Hospitals across the country are charging private insurance companies 2.5 times what they get from Medicare for the same care, according to a new RAND Corporation study of hospital prices released on Friday.
In a half-dozen of 49 states in the survey, including West Virginia and Florida, private insurers paid three or more times what Medicare did for overnight inpatient stays and outpatient care.
“The prices are so high, the prices are so unaffordable — it’s just a runaway train,” said Gloria Sachdev, the chief executive of the Employers’ Forum of Indiana, a coalition that worked with RAND on the study. This year’s report expanded on the research the nonprofit organization conducted in 2019 on hospital prices in 25 states.
The study, which exposes the aggressive pricing by mega-hospital systems that have gained enormous market power through widespread consolidation, is sure to kick-start the debate over the U.S. health care system and the need to overhaul it.
While the pandemic caused losses for many hospitals, many of these big systems are sitting on large profit reserves, while also receiving some of the $175 billion in aid Congress allocated to make up for their costs and lost revenue.
Employers provide health insurance coverage for more than 153 million Americans. The companies and insurers in the study paid nearly $20 billion more than Medicare would have for the same care from 2016 through 2018, according to the RAND researchers.
The findings cast doubt on the ability of private employers and insurers to competitively purchase health care for workers and their families compared to the federal government, said Katherine Hempstead, a senior policy adviser at the Robert Wood Johnson Foundation, which helped fund the study. “You have this widening gap,” she said.
Proponents of a so-called public option seize on such price-gouging news to argue that creating a government health plan that could use its clout to demand lower prices would help bring down the cost of care.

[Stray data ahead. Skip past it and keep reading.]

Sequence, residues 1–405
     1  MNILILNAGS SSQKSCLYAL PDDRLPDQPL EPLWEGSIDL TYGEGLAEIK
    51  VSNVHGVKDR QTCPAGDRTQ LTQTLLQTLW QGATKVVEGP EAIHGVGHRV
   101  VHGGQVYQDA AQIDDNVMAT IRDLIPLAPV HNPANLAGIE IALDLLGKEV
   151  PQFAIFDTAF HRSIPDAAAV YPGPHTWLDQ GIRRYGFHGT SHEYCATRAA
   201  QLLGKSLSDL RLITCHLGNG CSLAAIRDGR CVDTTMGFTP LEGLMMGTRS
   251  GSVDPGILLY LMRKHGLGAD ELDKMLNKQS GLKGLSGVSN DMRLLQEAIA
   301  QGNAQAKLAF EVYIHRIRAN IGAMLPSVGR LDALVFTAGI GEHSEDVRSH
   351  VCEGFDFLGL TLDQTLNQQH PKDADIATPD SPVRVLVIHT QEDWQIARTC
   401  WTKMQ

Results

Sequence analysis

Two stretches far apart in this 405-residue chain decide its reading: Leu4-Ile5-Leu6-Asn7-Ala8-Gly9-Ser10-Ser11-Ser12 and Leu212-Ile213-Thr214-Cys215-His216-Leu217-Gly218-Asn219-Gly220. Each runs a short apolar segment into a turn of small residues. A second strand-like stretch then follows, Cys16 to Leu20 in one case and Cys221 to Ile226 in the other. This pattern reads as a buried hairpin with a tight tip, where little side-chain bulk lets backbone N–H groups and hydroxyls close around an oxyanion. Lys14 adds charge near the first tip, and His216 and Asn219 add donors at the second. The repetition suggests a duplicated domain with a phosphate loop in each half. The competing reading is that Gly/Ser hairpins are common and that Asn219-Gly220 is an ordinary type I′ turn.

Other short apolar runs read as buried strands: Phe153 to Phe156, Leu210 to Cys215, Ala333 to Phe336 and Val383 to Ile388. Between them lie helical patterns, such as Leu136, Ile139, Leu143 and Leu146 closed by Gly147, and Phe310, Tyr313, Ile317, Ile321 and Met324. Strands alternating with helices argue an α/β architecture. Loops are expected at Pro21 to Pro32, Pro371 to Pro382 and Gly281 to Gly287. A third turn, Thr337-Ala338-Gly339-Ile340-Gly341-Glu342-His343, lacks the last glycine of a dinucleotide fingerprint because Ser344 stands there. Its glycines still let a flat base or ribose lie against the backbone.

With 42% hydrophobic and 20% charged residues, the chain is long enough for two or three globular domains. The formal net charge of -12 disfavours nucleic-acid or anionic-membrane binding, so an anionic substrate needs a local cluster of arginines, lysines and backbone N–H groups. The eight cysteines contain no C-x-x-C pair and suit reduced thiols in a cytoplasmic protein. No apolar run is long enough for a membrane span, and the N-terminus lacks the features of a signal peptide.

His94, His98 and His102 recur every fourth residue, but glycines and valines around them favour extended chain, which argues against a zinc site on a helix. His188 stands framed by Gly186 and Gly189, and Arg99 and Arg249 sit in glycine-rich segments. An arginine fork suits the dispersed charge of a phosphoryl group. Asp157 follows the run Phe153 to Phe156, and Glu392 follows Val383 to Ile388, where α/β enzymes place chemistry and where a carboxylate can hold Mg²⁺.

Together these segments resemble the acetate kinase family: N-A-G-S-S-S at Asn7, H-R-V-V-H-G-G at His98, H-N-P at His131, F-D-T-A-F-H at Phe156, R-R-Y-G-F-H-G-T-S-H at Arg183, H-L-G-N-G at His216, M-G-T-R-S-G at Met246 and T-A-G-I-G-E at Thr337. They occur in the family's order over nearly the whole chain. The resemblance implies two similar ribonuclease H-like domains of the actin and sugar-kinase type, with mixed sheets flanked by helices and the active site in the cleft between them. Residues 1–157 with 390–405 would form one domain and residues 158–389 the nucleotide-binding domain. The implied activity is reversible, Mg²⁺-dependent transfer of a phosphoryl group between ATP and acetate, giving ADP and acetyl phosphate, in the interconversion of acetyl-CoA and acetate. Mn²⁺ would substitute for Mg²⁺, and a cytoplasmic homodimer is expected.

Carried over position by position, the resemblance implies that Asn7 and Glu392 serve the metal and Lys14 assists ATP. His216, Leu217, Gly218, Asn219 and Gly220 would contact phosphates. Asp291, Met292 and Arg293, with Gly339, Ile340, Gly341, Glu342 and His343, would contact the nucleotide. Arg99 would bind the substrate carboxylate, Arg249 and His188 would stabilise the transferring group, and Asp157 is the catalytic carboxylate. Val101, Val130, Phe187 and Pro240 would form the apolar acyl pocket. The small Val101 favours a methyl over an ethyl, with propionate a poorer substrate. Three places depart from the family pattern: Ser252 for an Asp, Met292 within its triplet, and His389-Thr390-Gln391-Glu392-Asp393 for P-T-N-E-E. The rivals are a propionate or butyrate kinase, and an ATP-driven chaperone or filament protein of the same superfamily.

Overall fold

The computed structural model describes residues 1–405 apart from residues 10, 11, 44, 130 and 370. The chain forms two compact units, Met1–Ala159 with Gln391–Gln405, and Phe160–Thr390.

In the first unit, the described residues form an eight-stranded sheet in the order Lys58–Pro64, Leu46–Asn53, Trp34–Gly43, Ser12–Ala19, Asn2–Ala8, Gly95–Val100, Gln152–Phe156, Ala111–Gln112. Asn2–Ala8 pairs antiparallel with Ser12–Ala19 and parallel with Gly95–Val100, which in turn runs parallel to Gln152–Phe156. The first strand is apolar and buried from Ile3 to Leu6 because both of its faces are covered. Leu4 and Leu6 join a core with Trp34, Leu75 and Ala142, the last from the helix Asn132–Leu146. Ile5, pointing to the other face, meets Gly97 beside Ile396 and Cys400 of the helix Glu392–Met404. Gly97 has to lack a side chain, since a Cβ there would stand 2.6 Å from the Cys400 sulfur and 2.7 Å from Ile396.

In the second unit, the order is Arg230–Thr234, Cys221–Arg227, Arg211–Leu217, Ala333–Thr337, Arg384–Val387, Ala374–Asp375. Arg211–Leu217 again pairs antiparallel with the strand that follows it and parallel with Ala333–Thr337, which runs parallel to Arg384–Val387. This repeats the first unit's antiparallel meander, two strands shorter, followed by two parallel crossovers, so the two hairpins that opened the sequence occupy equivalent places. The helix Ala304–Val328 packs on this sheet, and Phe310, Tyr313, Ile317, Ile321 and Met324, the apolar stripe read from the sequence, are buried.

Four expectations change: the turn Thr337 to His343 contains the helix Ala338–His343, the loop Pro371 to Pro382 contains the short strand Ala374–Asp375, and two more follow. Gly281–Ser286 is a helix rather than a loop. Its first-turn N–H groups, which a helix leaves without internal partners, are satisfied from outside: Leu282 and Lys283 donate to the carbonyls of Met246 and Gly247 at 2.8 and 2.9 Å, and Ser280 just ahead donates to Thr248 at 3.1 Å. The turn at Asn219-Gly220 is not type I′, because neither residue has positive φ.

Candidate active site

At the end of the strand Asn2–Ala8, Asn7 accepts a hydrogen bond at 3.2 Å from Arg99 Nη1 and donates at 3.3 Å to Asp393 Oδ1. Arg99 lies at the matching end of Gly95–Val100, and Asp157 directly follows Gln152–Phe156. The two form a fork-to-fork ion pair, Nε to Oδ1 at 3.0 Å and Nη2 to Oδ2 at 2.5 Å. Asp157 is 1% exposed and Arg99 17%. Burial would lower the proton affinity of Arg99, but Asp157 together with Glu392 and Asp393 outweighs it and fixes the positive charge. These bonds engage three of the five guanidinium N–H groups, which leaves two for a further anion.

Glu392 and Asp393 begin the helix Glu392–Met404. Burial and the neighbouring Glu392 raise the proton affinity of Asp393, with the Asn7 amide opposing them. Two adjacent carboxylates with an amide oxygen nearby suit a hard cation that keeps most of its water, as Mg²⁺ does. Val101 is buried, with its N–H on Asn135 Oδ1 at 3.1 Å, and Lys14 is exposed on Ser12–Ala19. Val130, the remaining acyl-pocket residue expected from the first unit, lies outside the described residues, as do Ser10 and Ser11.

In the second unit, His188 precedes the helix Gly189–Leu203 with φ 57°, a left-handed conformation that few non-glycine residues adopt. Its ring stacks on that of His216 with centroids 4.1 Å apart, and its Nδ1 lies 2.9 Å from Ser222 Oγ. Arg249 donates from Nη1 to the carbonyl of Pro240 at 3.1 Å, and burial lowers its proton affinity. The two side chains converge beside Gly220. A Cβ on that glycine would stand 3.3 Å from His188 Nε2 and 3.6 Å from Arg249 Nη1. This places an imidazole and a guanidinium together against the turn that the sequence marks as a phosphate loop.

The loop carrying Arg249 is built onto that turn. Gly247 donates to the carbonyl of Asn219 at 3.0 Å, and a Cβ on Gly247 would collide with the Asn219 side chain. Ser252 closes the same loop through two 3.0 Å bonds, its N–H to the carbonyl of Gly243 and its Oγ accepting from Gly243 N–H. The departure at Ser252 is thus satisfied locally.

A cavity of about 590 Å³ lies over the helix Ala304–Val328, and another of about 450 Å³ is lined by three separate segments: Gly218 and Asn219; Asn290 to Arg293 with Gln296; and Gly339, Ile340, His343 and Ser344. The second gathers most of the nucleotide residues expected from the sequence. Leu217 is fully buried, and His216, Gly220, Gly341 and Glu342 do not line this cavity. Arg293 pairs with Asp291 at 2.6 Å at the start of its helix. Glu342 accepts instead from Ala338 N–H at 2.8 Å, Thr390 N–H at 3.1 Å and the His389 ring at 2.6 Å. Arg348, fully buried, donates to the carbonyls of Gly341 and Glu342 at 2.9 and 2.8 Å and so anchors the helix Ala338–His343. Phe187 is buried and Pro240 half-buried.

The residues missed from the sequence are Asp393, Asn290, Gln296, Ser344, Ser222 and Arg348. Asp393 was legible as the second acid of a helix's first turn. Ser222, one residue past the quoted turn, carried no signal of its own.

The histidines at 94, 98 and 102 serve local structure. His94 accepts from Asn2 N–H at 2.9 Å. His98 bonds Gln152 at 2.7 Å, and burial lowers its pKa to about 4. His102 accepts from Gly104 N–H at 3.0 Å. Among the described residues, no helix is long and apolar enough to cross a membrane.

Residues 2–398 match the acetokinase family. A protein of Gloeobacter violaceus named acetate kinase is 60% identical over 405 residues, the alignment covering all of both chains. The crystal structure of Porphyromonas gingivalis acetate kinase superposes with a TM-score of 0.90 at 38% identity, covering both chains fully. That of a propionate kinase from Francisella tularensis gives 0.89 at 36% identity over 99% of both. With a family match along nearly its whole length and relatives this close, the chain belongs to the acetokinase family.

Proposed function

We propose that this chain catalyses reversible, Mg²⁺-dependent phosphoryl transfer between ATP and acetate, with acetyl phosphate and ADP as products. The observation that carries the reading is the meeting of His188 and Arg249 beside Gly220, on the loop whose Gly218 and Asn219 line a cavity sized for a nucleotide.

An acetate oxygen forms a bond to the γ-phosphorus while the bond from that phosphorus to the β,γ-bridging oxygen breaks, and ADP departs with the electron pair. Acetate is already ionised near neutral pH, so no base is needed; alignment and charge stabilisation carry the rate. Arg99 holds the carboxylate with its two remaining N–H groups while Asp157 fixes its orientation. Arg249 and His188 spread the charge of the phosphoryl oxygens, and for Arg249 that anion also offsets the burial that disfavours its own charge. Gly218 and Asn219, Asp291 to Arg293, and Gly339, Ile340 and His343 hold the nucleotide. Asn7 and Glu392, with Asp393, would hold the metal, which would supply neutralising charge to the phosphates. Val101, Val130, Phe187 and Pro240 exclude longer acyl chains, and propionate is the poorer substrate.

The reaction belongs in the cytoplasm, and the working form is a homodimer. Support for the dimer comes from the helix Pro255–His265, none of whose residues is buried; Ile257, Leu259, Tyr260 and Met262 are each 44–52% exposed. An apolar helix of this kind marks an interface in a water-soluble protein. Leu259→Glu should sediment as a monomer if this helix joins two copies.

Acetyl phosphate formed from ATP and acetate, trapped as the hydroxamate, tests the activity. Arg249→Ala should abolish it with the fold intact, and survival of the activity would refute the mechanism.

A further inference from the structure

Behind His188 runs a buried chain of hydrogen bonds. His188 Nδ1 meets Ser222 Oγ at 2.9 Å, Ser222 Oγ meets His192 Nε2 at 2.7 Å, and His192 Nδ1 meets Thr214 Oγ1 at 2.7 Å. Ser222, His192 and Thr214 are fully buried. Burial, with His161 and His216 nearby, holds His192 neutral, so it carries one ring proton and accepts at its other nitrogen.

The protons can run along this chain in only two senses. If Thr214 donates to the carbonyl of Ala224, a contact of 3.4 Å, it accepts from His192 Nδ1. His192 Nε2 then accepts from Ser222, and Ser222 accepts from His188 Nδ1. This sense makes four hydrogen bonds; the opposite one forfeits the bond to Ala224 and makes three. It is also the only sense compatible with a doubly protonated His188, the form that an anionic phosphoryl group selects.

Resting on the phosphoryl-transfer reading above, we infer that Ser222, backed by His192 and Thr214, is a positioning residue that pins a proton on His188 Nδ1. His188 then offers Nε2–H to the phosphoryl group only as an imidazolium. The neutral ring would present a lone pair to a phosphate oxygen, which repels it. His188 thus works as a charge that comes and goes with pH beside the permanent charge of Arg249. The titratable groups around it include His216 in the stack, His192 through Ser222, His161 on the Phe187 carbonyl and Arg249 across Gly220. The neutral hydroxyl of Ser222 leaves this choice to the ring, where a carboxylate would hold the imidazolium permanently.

“There’s a lot of energy behind the public option, and this is clearly one of the reasons,” said Dan Mendelson, the founder of Avalere Health, a Washington, D.C., consulting firm.
Employers say the proof of how much more they pay underscores the need for change. “The report lays out in stark terms what the employers have been dealing with for years,” said Elizabeth Mitchell, the chief executive of the Pacific Business Group on Health, a San Francisco group that represents employers and companies in the region. “If we want to keep a private market in U.S. health care, it has to function,” she said. “It’s really not functioning.”
A public option, distinct from the more controversial “Medicare for all” proposals that would do away with private insurance, has been embraced by Joseph R. Biden Jr., the Democratic presidential nominee. Democrats and even some Republicans seem open to the idea, according to a recent poll from the Kaiser Family Foundation.
Hospitals warn that they might not be able to function if they were paid Medicare rates. “There is certainly a cost shift, because the government knowingly underpays,” said Tom Nickels, an executive vice president for the American Hospital Association, a trade group. He warned that hospitals would lose billions of dollars in revenue. Some could be shuttered if forced to operate at lower Medicare payments.
“We cannot survive in that kind of the world,” he said, adding that many hospitals are struggling financially because of the pandemic. “To suggest cutting hospitals during a pandemic is outrageous.”
The report, which has data from the District of Columbia and every state but Maryland (because that state sets hospital rates), provides a sweeping view into the wide variation of prices paid by private insurers, which pay multiples of what Medicare does for a hospital stay or an M.R.I. “The magnitudes are quite eye-catching,” said Michael R. Richards, a health economist at Baylor University who reviewed the study.
The most costly hospital system in the nation from 2016 through 2018, according to the researchers, was John Muir Health in Walnut Creek, Calif., near San Francisco. Private insurers pay its hospitals four times what Medicare reimburses for care…